Menil Drawing Institute
Los Angeles-based architecture firm Johnston Marklee’s proposed design for the Menil Drawing Institute is at once serene and revolutionary.
According to Josef Helfenstein, director of the Menil Collection, Los Angeles-based architecture firm Johnston Marklee’s proposed design for the Menil Drawing Institute (MDI) is both serene and revolutionary. Helfenstein likened the achievement, which displays fragile works on paper in the modulated presence of natural light, to “squaring a circle.”
The 30,150-sf, $40 million MDI will be the first free-standing facility in the country dedicated to the exhibition, study, storage, and conservation of modern contemporary drawings. It is also the first installment in a planned reinvigoration of the Menil Collection’s campus in Houston’s Montrose neighborhood. The 30-acre enclave includes the main museum building and the Cy Twombly Gallery, both designed by Renzo Piano (in 1987 and 1995, respectively), as well as a 1930 masonry structure that houses a permanent Dan Flavin light installation. Michael Van Valkenburgh Associates plans to transform the site with the development of an expansive, coherent, and sustainable landscape. Houston’s Stern and Bucek Architects are working on the transformation of a bungalow into a cafe for the campus, and the new Energy House, also to be designed by Johnston Marklee, will serve as the central utilities resource for the museum and its annex buildings.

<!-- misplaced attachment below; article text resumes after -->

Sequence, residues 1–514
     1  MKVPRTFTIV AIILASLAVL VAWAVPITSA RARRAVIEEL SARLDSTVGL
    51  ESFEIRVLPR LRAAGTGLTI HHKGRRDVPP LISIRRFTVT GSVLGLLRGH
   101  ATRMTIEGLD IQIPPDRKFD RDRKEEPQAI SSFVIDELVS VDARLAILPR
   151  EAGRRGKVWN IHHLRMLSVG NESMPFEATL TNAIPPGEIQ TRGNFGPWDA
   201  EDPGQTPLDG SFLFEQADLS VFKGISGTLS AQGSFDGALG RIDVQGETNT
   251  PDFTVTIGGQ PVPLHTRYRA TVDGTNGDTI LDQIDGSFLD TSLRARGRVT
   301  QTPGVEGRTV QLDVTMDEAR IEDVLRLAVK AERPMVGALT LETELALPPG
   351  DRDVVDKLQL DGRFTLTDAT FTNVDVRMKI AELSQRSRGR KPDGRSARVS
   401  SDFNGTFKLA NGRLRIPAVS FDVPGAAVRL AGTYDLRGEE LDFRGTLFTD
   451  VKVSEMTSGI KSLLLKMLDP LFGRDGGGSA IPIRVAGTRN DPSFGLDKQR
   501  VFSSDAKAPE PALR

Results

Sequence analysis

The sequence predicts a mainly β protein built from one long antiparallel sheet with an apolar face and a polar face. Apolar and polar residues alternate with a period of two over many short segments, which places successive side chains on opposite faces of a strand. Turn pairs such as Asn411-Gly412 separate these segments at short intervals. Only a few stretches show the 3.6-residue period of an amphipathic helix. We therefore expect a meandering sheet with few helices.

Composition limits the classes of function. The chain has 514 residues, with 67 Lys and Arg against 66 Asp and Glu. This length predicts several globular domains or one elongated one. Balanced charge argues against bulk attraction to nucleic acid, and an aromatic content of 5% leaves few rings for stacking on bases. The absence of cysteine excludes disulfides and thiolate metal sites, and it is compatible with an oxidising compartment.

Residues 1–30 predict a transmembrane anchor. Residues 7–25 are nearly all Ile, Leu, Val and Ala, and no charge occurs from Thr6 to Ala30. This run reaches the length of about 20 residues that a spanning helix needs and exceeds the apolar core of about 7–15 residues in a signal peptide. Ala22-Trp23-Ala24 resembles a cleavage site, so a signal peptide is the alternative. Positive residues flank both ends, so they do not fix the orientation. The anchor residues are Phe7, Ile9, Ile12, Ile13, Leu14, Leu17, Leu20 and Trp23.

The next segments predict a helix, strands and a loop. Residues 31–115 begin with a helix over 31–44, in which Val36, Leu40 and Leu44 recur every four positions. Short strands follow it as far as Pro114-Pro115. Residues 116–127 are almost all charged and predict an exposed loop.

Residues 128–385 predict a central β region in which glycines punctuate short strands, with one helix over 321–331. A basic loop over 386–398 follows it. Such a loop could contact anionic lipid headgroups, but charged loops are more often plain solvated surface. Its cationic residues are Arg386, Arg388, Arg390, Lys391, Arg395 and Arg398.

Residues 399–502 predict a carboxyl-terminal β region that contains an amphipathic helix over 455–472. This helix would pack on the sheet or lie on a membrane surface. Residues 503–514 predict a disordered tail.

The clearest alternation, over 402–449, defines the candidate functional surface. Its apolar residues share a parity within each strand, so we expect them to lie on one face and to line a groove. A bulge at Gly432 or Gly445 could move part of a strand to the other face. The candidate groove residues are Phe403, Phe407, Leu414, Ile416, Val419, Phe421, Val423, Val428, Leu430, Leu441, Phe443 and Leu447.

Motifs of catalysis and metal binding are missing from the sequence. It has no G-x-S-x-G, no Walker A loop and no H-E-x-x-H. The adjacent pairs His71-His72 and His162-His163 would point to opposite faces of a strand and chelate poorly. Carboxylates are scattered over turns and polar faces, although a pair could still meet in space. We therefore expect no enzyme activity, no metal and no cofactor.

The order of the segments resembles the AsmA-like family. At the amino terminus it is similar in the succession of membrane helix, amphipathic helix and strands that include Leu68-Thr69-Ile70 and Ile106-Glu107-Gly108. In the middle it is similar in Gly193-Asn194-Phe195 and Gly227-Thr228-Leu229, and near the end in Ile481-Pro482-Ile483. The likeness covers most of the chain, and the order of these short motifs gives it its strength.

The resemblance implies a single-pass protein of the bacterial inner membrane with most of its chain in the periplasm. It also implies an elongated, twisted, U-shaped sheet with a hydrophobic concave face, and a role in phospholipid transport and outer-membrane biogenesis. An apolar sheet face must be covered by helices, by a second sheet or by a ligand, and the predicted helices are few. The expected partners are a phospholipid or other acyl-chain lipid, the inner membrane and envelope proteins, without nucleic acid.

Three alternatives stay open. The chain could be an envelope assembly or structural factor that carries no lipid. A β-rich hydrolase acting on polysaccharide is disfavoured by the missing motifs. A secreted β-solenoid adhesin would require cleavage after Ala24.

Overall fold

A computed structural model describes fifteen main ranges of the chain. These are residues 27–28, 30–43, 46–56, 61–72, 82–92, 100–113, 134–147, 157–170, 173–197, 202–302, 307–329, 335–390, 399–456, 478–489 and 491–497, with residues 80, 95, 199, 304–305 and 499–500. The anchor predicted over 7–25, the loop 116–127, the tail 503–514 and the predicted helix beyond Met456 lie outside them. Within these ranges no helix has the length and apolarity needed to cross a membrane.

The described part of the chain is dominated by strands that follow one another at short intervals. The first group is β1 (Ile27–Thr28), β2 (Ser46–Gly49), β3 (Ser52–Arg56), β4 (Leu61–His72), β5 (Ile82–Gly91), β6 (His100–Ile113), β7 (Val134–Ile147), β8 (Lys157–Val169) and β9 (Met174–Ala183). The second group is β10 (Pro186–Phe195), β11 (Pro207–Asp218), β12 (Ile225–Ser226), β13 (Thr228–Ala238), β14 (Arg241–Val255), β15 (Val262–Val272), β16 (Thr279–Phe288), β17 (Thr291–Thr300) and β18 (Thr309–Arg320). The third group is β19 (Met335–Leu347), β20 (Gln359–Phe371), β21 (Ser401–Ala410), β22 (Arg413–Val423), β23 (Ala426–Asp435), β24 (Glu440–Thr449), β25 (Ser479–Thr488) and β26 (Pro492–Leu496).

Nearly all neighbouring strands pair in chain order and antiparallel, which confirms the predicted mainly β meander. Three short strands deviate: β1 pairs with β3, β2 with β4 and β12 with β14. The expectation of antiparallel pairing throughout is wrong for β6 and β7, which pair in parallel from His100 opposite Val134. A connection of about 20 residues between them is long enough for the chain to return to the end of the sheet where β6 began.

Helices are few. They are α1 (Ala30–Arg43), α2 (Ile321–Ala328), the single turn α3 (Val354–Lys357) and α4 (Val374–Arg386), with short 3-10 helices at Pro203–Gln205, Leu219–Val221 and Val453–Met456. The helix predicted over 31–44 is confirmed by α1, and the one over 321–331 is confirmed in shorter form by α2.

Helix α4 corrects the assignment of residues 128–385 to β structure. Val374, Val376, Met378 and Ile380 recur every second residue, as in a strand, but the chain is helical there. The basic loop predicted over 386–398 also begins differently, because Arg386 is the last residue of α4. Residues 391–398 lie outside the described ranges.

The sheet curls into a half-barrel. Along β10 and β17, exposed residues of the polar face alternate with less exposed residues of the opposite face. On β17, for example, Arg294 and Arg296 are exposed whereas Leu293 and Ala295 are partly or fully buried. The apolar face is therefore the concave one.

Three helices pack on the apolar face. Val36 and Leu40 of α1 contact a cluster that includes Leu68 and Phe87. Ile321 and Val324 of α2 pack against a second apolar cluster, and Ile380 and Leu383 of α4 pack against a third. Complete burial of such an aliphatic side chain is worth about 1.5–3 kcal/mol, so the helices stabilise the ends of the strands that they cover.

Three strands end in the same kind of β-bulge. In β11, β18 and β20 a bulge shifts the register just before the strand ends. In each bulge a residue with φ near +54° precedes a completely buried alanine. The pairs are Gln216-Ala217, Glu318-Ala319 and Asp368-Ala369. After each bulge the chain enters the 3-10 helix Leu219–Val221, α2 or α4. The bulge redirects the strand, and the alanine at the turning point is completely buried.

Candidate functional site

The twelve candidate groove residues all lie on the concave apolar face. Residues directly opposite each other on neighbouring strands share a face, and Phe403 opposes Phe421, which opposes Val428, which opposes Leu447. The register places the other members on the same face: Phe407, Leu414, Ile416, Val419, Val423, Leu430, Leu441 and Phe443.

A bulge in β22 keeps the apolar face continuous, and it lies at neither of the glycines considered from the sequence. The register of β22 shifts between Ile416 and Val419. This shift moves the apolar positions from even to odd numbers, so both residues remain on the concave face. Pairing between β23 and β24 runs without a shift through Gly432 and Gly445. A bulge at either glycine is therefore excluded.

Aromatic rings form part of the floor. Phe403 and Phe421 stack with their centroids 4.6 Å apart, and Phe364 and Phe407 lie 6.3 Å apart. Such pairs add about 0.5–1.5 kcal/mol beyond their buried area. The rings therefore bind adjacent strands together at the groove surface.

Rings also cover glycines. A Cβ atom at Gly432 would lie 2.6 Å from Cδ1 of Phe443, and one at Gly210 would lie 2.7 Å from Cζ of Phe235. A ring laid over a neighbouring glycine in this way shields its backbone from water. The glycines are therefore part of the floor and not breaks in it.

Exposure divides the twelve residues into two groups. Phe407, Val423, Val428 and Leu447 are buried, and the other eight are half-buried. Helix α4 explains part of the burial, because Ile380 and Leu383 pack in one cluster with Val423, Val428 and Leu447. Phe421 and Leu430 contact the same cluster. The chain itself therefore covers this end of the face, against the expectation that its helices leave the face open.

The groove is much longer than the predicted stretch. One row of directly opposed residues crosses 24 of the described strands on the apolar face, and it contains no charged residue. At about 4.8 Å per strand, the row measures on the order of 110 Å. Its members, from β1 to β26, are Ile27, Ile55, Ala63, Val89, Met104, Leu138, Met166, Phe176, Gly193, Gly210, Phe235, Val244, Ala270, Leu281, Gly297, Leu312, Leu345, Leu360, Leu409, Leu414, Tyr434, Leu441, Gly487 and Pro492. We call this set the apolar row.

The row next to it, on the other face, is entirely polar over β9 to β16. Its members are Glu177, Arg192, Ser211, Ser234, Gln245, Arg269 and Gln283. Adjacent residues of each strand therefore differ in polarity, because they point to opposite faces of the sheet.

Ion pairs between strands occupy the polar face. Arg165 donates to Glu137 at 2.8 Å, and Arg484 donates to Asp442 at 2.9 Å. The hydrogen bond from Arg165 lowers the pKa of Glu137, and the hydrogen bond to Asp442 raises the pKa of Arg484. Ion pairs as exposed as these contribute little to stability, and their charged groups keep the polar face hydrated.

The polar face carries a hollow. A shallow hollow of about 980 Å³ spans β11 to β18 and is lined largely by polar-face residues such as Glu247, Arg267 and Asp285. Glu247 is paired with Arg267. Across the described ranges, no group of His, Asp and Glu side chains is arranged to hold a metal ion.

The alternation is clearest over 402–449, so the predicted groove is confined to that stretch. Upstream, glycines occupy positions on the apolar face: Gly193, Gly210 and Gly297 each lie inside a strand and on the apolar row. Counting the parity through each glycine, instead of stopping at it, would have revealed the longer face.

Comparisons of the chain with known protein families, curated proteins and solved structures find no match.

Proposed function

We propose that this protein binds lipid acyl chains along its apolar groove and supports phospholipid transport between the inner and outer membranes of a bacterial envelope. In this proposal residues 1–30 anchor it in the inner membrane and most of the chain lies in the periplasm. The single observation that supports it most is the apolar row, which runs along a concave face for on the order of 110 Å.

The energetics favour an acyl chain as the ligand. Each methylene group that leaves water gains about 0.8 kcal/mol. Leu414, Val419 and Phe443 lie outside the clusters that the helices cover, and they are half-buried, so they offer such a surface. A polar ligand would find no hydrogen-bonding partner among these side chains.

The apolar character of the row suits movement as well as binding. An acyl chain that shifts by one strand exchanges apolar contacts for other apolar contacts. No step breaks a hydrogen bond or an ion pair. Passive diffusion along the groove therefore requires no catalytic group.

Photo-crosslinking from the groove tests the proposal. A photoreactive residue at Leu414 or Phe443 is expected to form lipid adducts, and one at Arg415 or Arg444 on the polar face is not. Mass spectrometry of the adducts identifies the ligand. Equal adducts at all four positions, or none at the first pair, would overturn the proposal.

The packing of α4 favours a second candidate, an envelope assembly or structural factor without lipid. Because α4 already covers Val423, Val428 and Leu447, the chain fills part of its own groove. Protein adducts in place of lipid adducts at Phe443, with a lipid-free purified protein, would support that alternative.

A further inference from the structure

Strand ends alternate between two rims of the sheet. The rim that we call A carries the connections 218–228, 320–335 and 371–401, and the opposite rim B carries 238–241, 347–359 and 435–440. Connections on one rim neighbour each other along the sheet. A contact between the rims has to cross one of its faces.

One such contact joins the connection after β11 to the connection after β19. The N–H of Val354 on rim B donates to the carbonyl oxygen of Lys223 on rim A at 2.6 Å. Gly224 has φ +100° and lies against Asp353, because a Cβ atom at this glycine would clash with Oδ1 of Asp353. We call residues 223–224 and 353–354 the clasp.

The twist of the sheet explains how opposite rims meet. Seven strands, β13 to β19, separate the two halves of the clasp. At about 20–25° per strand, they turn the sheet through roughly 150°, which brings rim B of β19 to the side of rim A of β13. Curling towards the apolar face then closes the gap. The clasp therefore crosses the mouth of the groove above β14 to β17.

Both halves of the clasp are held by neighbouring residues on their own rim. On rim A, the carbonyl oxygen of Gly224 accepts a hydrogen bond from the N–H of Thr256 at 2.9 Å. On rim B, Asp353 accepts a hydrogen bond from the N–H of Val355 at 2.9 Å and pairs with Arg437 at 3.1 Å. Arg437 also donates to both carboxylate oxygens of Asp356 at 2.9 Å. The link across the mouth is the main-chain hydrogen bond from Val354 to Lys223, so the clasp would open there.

Johnston Marklee’s design for the MDI takes its cue from the site’s prominent live oak trees. The design calls for trees to be surrounded by three square, open-roofed courtyards. Principals Sharon Johnston, AIA, and Mark Lee described the new building as self-evident and direct. “The site itself showed us the way forward,” they commented. “The garden-like character of the campus with its tree-shaded streets of bungalows gave us the clues we needed to find the right scale, resolve the relationship between interior and exterior spaces and, above all, to modulate the light.”
Additional images in this article are expanded content for the July/August 2014 issue of Texas Architect.